Yanis Varoufakis has a knack, rare in economists, for saying things clearly, simply and persuasively:
“Take a look at the map of Ireland. You have a small island that has to develop an economic policy for development that is common in the north and the south. London doesn’t care about Northern Ireland.
“I fully appreciate and I respect the Unionist psychological need to be part of Britain. But your economy should be developed in a manner that creates synergies with the south and takes advantage of the opportunities that Ireland has as an island.”
For further wisdom, including advice to watch the opening sequence of Life of Brian, for it’s ironic comment on the spliting of hairs, follow this link:
One wonders how aware Yanis is that the Life of Brian was the cause of some hand wringing in Ireland, both North and South of the border, when it was first released?
Listen to this glorious discussion which manages to combine stories about the production techniques of Brian Eno, the importance of play in learning, a goal for Arsenal by Giroud, the importance of untidiness in creativity, the screw up behind one of the great jazz recordings – and don’t miss the story of inspired coaching at the conclusion.
Play and Creativity
On Start the Week, Tom Sutcliffe considers the relationship between play and creativity. Steven Johnson examines how the human appetite for amusement has driven innovation throughout history. Writer and theatre maker Stella Duffy has revived Joan Littlewood’s 1960s concept of The Fun Palace- a ‘laboratory of fun’ for all. The economist Tim Harford advocates embracing disorder in every area of our lives, from messy desks to messy dating. Journalist and former cricketer Ed Smith believes that creativity in sport is a combination of skill and luck.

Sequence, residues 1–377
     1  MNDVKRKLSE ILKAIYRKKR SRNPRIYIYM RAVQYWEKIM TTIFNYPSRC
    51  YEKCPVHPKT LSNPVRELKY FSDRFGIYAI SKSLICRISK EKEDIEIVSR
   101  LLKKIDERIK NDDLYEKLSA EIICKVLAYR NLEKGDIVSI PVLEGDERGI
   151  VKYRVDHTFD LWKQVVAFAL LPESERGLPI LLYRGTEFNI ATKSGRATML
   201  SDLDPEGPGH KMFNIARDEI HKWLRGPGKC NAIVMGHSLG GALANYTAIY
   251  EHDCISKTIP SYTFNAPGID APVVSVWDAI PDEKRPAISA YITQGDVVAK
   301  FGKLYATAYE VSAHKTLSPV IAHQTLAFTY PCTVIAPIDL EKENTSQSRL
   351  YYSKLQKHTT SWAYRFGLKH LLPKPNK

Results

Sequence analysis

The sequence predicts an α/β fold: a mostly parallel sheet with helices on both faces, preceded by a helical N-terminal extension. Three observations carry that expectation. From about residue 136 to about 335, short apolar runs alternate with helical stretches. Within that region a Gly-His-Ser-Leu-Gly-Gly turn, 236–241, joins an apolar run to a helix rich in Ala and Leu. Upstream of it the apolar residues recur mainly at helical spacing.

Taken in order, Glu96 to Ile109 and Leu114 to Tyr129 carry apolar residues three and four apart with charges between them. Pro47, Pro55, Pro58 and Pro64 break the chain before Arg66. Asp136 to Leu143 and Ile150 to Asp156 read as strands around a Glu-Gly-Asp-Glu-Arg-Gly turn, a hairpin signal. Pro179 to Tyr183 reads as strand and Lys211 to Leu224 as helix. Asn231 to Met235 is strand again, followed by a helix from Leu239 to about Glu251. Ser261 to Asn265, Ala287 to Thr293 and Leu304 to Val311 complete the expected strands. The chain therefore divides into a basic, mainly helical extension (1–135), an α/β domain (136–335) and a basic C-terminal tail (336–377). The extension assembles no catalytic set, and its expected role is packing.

Producer: Kirsty McQuire.
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Start the Week
“It’s coming from the silence /on the dock of the bay,
from the brave, the bold, the battered/heart of Chevrolet:
Democracy is coming to the U.S.A.”
A few lines from Leonard Cohen’s song “Democracy” as a kind of answer to the strand of pessimism which my post of yesterday provoked [on Facebook]. I note also in the respone a plea that Donald Trump’s support [and also those who supported Brexit] should not routinely be disrespected. I agree with this. And yet I can’t see Trump’s protectionism delivering the change he promises to America’s rust belt. I think Obama’s effort’s to bring change deserve more credit than they are given but the banking crisis which he inherited was a huge barrier to rolling out programmes to meet the needs of those who have now turned to Trump. My own view: ultimately the problems capitalism faces are systemic and and a genuine solution will require a more radical change than either Trump or Obama have yet begun to contemplate. [See previous post: Post Capitalism: A Guide to the Future.] But in the meantime why not lift your spirits with a listen to Cohen’s expression of faith in the United States of America. [Forgive the ad]